RetRose Tinted: Pengo

[RetRose Tinted is a feature I have been running in the Destructoid Community Blogs since February. Its purpose is to re-evaluate games that have had an impact on my gaming life and discern if they hold up to modern scrutiny. I am very proud to be bringing this feature to the front page of Destructoid]

My father plays videogames but he isn’t what I’d call a “gamer.” Rather than check out new releases or expand his horizons into games that he might have missed, he finds one title that he likes and then plays it until the program is so outdated that modern hardware won’t run it without my intervention. He’s been playing Warcraft II every day since he first saw it in 1996.

At least he enjoys a quality game, right? That’s what I was thinking about when I decided on this week’s retro offering. Prior to discovering the RTS genre, my dad was positively addicted to an arcade-style game called Pengo. While he claimed that he kept that 286 on his desk well into the mid-nineties because of an old dot matrix that he printed labels with, the only thing I ever saw him do with it was play that game.

Pengo isn’t exactly a popular classic, certainly not on the level of other coin-ops like Pac-Man, Donkey Kong or even Dig-Dug. Still, I watched a man play it several times daily during the course of a decade. There has to be something to that, right? Hit the jump and follow as I try to find out.

In Pengo, you are an adorable penguin who mercilessly slaughters equally cute “Sno-Bees.” I don’t know what the hell a “Sno-Bee” actually is, but they appear to be bouncing blobs with beaks and eyes which move around a maze of ice blocks.

Pengo can push the blocks of the maze and they’ll travel until hitting another block or the wall. This is Pengo’s preferred method of killing Sno-Bees: crushing them between blocks of ice. Pushing a block into an immediately adjacent block or wall will shatter it. In addition, pushing directly against a wall (instead of a block) will cause it to shake violently and stun any Sno-Bees that happen to be alongside it. When stunned, Sno-Bees can be killed by walking over them.

Sno-Bees chew (peck?) their way through blocks and kill Pengo by touching him. Often when attempting to stun them, they have a nasty tendency to be en route to killing you and, if they were already on the way to your space, you’re already dead. There also seems to be no rhyme or reason to their movement. For example, there might be one chasing you, but it’ll suddenly turn and chew its way through a block that wouldn’t give it any better access to your position. Other times, they won’t even bother moving from the corner of the stage they start in for a long time.

Each round has a certain number of Sno-Bees which have to be eliminated in order to advance. Killing a Sno-Bee will cause a new one to hatch from an egg hidden in an ice block. You can stop this from happening by getting to the blocks the eggs hide in (displayed to you briefly at the beginning of each round or when a new egg opens) and breaking the block open. Killing the unborn, just as in reality, is the easiest way to ensure a long and happy life for yourself.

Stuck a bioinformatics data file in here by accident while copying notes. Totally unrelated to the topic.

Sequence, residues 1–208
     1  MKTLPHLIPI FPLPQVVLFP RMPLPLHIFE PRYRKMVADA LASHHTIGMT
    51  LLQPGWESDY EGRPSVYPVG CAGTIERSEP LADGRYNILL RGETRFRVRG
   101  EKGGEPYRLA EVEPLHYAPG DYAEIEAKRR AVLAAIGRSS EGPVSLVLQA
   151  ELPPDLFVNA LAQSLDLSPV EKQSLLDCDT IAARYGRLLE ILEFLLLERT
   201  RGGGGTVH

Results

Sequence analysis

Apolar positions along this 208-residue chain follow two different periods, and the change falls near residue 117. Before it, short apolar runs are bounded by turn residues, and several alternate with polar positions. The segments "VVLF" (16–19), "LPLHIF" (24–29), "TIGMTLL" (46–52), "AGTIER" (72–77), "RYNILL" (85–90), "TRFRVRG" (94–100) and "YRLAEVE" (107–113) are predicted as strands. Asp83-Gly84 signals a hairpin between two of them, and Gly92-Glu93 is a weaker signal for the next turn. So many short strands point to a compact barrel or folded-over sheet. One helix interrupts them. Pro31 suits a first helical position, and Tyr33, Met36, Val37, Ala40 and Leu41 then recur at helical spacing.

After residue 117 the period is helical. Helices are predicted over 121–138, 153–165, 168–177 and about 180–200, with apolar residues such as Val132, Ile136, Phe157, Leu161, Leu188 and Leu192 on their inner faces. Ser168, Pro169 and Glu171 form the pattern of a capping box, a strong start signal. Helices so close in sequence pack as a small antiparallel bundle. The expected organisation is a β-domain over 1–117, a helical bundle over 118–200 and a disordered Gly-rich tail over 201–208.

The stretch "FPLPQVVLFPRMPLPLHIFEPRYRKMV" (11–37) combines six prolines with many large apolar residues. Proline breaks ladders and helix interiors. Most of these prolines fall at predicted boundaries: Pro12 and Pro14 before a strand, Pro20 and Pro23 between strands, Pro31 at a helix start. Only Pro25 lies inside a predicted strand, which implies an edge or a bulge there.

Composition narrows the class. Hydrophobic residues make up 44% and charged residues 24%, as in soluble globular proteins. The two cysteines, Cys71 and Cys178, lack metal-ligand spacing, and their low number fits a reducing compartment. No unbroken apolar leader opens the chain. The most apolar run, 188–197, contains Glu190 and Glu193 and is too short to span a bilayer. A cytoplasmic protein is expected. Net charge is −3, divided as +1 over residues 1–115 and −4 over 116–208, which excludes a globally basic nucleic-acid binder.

Pengo is an arcade game, so the entire allure lies in beating high scores. To its credit, the game really does an excellent job of providing different ways to rack up points. Killing Sno-Bees, obviously, is a good way to score but the different methods of doing so result in different point values. Crushing multiple Sno-Bees with a single block has the most points potential, while stepping on buzzed bees will net you a paltry sum. Bonus points are awarded at the end of every stage, the amount varying by how long you spent finishing the level.

In addition, every level features three unbreakable blocks with a diamond on them. If you manage to connect these blocks in a line, you’ll score a massive bonus and stun every Sno-Bee in the level. Typically, the blocks will be positioned in the most inconvenient manner possible to achieve this without dying from the roving enemies.

It’s a weird little game and my perception of it didn’t seem to have changed much over the years to when I picked it back up. The game can be pretty frustrating when you get trapped for the thirtieth time due to the random nature of enemy movement. Once I’d gone through about a dozen rounds, I started to understand some of the intricacies involved. Strategy plays almost as considerable a part as reflexes do and planning your approach to a level in the seconds you have before it begins can be pretty intense. I began to enjoy the game when I began to grasp it.

With all of that said, Pengo only has seventeen stages that run in a loop. Actually managing to play all of them would be impressive (I only ever made it to the seventh) but I think it’s safe to say if you’ve seen one level of Pengo you’ve pretty much seen them all anyway. There will be variety in terms of where eggs are hiding and the placement of the diamond blocks and you’ll probably never play a level the same way twice.

There’s a reason why my best score of 53,930 points would qualify me for the 20th position on Twin Galaxies for this game (had I the foresight to record it). Pengo is fun for a while but you’ll eventually grow tired of the seemingly schizophrenic Sno-Bees. It’s too deep in its mechanics to be enjoyed by all and too random for the hardcore score-snatcher.

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Conrad Zimmerman
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